From 0 to 400,000 trees: our 2021 impact report

Deforestation is not just about trees

Forests all around the globe, which are already shrinking at an alarming rate, are slowly reaching their maximum carbon storage capacity - they won't be able to absorb much more carbon for the decades to come. At the very least, we need new sources of carbon capture to take up the burden of human industry.

There are lots of different approaches to this problem. But it's only by planting trees that we can increase carbon capture, revitalise species and provide social and economic benefits to local communities.

Treeapp sponsors Madagascar

Madagascar has a special place in our hearts. Over the course of 150 years it has lost over 80% of it's forests through brutal slash-and-burn practices for agriculture, selective logging for precious wood and in some cases, forest clearing for mining.

Madagascar’s rich ecosystem, composed of over 11,000 local plant species, has quickly been stripped of life. Soil erosion has depleted the country's agricultural capacity and advanced poverty in rural populations. Our focus here is to bring life back into Madagascar’s original ecosystems and economy, to ensure diverse local tree species are planted and jobs are created.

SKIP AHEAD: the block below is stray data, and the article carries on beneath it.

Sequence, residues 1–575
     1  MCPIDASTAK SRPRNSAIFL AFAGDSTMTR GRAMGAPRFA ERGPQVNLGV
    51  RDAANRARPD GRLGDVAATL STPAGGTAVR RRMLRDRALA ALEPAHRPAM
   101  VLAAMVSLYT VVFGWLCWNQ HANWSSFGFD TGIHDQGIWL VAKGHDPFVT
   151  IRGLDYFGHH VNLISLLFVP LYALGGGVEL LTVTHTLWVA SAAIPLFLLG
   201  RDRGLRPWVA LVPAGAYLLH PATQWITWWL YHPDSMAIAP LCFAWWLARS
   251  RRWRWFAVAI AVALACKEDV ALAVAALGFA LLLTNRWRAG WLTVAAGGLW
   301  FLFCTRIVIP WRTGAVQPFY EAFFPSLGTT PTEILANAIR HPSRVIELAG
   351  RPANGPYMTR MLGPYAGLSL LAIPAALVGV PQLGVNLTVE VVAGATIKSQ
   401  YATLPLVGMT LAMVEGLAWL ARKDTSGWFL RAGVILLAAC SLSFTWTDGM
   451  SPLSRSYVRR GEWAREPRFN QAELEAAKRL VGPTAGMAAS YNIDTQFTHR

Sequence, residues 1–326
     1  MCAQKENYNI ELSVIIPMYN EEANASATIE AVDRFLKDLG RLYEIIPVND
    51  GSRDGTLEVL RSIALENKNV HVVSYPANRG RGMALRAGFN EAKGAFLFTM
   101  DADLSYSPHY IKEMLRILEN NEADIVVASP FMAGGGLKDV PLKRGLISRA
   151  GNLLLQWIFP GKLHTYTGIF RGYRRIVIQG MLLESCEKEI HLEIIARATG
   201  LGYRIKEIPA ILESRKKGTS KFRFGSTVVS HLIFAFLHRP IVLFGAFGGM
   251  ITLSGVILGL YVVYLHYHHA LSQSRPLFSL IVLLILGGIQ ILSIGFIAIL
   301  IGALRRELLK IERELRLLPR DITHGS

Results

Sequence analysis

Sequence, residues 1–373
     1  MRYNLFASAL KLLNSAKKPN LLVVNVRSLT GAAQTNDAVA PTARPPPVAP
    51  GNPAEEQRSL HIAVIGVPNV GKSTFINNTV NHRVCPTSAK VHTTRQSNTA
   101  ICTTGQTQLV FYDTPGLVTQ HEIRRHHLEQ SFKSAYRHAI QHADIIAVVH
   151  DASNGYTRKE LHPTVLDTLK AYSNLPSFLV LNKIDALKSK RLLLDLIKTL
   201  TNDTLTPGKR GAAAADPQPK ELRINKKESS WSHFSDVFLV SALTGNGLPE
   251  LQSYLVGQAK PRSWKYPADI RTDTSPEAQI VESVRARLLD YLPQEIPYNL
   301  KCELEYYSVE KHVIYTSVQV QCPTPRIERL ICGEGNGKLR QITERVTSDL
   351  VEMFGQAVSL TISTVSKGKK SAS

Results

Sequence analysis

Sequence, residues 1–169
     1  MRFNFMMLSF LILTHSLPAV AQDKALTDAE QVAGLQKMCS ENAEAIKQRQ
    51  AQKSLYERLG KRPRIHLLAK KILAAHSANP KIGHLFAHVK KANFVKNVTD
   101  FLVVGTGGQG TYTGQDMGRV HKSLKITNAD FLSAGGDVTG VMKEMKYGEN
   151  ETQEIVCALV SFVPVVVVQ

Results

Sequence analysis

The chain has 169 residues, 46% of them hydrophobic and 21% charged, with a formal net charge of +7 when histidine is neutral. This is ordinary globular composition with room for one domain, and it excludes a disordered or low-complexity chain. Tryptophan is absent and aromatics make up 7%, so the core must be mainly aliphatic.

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Madagascar is also home to many endangered species such as Lemurs and Ploughshare Tortoises. The latter can only be found in a small area of northwestern Madagascar - where as few as 1.000 of these animals survive. To find out more about the wildlife at risk in Madagascar, check out this article by WWF.

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A history of instability

The extreme poverty seen across Madagascar is equally damaging to its environment. Political instability from a history of colonialism, a lack of infrastructure and slow population growth resulted in a severe downturn in the country's economy.

Things have improved in the last decade but the 132nd country with the highest GDP still has a long way to go.

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Our selected planting partners hire local citizens to plant hundreds of trees on the island every day, which stimulates the local economy through coastal trees, dry deciduous trees or agroforestry.

While we recognise that this is a small step in the right direction. we look forward to grow this number as we scale our local planting activities.

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The work already done by our NGO partners

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